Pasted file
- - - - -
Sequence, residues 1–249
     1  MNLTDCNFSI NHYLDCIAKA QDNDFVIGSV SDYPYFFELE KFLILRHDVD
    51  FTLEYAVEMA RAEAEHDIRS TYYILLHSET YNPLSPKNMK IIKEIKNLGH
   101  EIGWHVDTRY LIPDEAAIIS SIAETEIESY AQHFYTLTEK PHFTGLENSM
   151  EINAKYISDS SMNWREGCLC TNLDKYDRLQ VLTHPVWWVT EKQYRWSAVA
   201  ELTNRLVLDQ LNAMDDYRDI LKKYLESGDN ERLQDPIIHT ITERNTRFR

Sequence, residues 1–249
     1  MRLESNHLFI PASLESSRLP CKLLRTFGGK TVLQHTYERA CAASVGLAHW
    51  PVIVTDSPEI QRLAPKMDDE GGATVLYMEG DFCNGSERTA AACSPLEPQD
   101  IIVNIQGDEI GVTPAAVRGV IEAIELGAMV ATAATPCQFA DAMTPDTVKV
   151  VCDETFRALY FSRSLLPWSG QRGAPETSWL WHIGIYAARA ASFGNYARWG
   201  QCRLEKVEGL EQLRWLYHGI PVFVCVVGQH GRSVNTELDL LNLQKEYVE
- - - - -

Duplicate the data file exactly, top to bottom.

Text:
Sequence, residues 1–249
     1  MNLTDCNFSI NHYLDCIAKA QDNDFVIGSV SDYPYFFELE KFLILRHDVD
    51  FTLEYAVEMA RAEAEHDIRS TYYILLHSET YNPLSPKNMK IIKEIKNLGH
   101  EIGWHVDTRY LIPDEAAIIS SIAETEIESY AQHFYTLTEK PHFTGLENSM
   151  EINAKYISDS SMNWREGCLC TNLDKYDRLQ VLTHPVWWVT EKQYRWSAVA
   201  ELTNRLVLDQ LNAMDDYRDI LKKYLESGDN ERLQDPIIHT ITERNTRFR

Sequence, residues 1–249
     1  MRLESNHLFI PASLESSRLP CKLLRTFGGK TVLQHTYERA CAASVGLAHW
    51  PVIVTDSPEI QRLAPKMDDE GGATVLYMEG DFCNGSERTA AACSPLEPQD
   101  IIVNIQGDEI GVTPAAVRGV IEAIELGAMV ATAATPCQFA DAMTPDTVKV
   151  VCDETFRALY FSRSLLPWSG QRGAPETSWL WHIGIYAARA ASFGNYARWG
   201  QCRLEKVEGL EQLRWLYHGI PVFVCVVGQH GRSVNTELDL LNLQKEYVE